Chennai battles for sustainable transport

Posted: 21 February 2006

Chennai, formerly Madras, on the Coromandel Coast of southern India, has grown into a metropolitan city of 7 million people. It is also the scene of a major campaign to oppose the decision by the State Government of Tamil Nadu to solve the city's transport problem by building a 300 km monorail. The campaign's plea for a transport system that meets the needs of all the people will be echoed in cities around the world.

A pressure group, Pasumai Thaayagam (Green Motherland), has launched the Campaign for Sustainable Transport in Chennai. It argues that Monorail is used only as feeder service in all the countries where it is in operation, and that only a city-wide rapid bus system will meet the needs of Chennai's growing population. It has distributed leaflets throughout the city and is organising school meetings. It is also holding a seminar on sustainable transport in the city this week.

Only Japan has a monorail over 100 km. the campaign organisers say. In Malaysia, Australia and United States monorails runs for less then 100 km. It is yet to be tested as a mainline metro system anywhere in the world. But the Government of Tamil Nadu has announced 300 km monorail project as a mainline metro system. "We are strongly opposing the Chennai monorail project. Instead of monorail, we are demanding a Bus Rapid Transit (BRT) system for Chennai. Our organisation's founder Dr. S. Ramadoss raised this demand at a demonstration against the monorail project. And he has the backing of the Indian Railway Minister for State, Mr. Velu, who has also opposed the project," the campaign organisers told Planet 21.

Bicycle lanes A BRT system, would ensures the use of high quality and high capacity buses for public transport, Mr Ramadoss told the demonstrators. It would be cheaper than the monorail system and more suited to Chennai. Countries such as Brazil, Indonesia and South Korea had gone for it. The proposed monorail project could not meet the transport demands of the Chennai Metropolitan Area and should be scrapped. He said the fleet strength of the Metropolitan Transport Corporation should be increased to 5,000. There should be a separate track for bicycles on all roads and no reduction in the space meant for footpaths. The Chennai Metropolitan Area (CMA) now covers an area of 1177 sq. kilometres. The number of motor vehicles in the city has grown from 144,282 in 1984 to 1,674,185 in 2005. Between year 1992 and 2005 the number of motorised two wheelers increased from 433,046 to 1,266,114 and the number of cars has increased from 122,531 to 301,128. About 450 vehicles are registered every day in Chennai. That means 13,000 vehicles in a month and 160,000 a year. This trend has created many problems including pollution, noise, traffic fatalities and injuries and wasteful congestion. Most people use public transport, bicycles and pedestrian paths - but these modes are totally neglected in Chennai.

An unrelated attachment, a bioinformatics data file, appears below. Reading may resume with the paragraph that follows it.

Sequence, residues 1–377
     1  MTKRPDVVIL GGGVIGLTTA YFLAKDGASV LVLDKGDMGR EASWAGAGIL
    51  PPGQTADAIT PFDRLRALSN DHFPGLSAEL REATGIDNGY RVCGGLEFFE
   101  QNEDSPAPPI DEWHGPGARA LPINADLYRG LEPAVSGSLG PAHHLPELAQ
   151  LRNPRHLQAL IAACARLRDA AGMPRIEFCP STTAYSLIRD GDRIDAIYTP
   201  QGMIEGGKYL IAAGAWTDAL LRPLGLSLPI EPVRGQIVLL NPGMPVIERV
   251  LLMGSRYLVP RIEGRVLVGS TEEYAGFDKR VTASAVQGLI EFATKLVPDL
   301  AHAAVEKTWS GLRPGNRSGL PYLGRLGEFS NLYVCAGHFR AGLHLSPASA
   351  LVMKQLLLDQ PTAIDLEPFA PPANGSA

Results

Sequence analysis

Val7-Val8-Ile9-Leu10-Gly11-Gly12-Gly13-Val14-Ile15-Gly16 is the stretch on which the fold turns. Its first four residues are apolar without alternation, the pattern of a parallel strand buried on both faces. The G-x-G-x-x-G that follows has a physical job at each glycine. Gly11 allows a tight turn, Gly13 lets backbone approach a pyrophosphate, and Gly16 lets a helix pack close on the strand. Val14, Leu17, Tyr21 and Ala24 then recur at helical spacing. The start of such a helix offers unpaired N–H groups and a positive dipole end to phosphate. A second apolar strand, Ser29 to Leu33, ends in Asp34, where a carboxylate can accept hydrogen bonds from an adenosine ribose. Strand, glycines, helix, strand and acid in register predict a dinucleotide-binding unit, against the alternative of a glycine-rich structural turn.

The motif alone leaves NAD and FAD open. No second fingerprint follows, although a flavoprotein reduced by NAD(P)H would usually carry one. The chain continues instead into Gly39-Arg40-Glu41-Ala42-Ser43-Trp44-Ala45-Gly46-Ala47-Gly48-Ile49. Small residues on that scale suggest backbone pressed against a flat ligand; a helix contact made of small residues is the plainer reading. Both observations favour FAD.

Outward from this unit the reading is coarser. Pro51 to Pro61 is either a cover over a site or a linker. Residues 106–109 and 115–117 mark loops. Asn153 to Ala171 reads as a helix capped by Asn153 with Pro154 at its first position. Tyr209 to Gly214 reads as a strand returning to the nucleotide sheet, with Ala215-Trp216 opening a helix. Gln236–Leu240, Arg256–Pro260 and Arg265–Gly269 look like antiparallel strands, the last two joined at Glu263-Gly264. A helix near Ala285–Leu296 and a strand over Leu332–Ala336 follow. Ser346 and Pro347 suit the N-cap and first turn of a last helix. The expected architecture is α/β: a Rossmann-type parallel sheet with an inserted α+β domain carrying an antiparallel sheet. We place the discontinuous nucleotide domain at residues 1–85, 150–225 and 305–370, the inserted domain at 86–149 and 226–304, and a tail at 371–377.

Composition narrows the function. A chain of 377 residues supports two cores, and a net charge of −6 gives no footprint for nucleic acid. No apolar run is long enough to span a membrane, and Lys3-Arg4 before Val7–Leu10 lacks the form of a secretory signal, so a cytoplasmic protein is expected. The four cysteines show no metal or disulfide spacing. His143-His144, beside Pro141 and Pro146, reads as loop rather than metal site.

Static fleet While personal means of motorised transport has increased greatly over the years, growth in the bus fleet has been abysmally poor. The bus fleet grew by some 9 per cent during 1970-80, a rate that was reduced to 6 per cent during 1980-90 and to about 4 per cent for the period 1990-2000 until it was now static. The total number of buses in Chennai is 2773, out of which 1294 are more then 8 years old. That means Chennai has only about 1500 workable buses. As a result, passenger growth has decreased from 4,300,000 in 1998 to 3,300,000 in 2005. Moreover, there are no segregated lanes for non-motorist transport and or safe pedestrian facilities. Chennai's campaign demands:

  • improved public transport - i.e. at least 5000 buses (with 3500 new buses), with traffic priority for buses, and possibly Bus Rapid Transit
  • provision of improved rights of way for pedestrians and bicyclists
  • better air quality.

    For more information see www.envindia.com